What to Do With Leap Day

While we got an extra day this year, unfortunately leap day is just another work day. Sigh! Some people were wondering what to do with this gift of time. Pioneer Press (formerly read by Charles Ingalls) published a round up of ideas. Follow the link below.


My favorite is Do Your Homework which urges people to re-read the “Little House” books as prep to the Guthrie’s new musical. (No, no schedule dates yet, but they promised to have them set in March.)


South Dakota Updates

Knee deep in web updates myself (drat this new web editor program – I promise the updated Trundlebed Tales site will be up and running soon), I took a break to check in on other Laura websites and while some other sites had been updated, while kudos go to most sites for getting 2008 dates up and running in good time, the most substantial new offerings were both in South Dakota.

 First, the Keystone Area Historical Society, with its Carrie Ingalls Swanzey connection, has now posted on its site its walking tour map. The 5 printed pages include historic photos, plus descriptions of each building. I was disappointed that neither the site of Carrie’s house or the historic marker to her was included, but be sure to catch her exhibit at the KAHS museum and read the selection from Prof. Julie Williams’s essay on Carrie, if you haven’t yet had that pleasure. Follow the link and click on Carrie Ingalls. http://www.keystonechamber.com/kahs/walkingtour.html

Second, the DeSmet Memorial Society is offering all sorts of new things. Take a look here:


Long a leader among homesite towns, by offering actual vacation packages (See their Chamber of Commerce website http://www.desmetsd.com ), now the Memorial Society has set up their own deals (without lodging). They offer suggestions on what to do in town for different lengths of time, along the line of those formerly offered on Burr Oak’s website (http://www.lauraingallswilder.us – I couldn’t find them on the page when I just checked, but I’m sure they have them on file). They also are offering guided walking tours around town (sounds interesting, but I hope the guides are good) and a scavenger hunt where you can collect 14 postcards from around town. The Prairie Girl package includes among other things a tour of the archives area. For first time visitors to the area, these might answer the question “we’re here, now what do we do?” Also, look for the Memorial Society’s book “Explore DeSmet” and the newest edition of “Little House Guidebook” by William T. Anderson. [Or, you could always take my class “How to Take a Laura Ingalls Wilder Vacation 😉 ]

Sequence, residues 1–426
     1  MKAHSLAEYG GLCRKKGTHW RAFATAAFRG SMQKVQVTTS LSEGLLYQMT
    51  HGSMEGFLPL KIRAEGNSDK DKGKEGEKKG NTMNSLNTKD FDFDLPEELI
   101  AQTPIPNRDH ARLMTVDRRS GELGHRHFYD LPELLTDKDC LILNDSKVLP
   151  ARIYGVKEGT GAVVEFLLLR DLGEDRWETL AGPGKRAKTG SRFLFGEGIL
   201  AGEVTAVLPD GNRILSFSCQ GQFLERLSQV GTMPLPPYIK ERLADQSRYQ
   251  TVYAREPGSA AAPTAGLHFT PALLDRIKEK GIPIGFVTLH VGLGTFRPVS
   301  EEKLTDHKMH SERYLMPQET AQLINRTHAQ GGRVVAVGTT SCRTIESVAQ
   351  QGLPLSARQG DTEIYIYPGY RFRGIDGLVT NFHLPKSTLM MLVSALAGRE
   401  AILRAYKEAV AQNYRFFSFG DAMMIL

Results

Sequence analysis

An Obvious Quote

I just came across this quote in a blog called “Which Came First” Sept. 25, 2007 6:48 PM on the New York Times website http://www.nytimes.com The 3 part series is in itself a very interesting examination of how we can know something about history (in this case about some photographs taken during the Crimea War), but this quote by the author Errol Morris really jumped out at me. It’s something to consider the next time you are trying to research some history, buy something expensive, or have a conversation.

As I’ve said elsewhere: Nothing is so obvious that it’s obvious. When someone says that something is obvious, it seems almost certain that it is anything but obvious – even to them. The use of the word “obvious” indicates the absence of a logical argument – an attempt to convince the reader by asserting the truth of something by saying it a little louder.